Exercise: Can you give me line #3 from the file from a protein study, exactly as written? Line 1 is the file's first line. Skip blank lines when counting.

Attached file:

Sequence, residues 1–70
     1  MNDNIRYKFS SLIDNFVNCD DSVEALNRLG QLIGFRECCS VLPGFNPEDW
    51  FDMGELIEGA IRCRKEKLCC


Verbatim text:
    51  FDMGELIEGA IRCRKEKLCC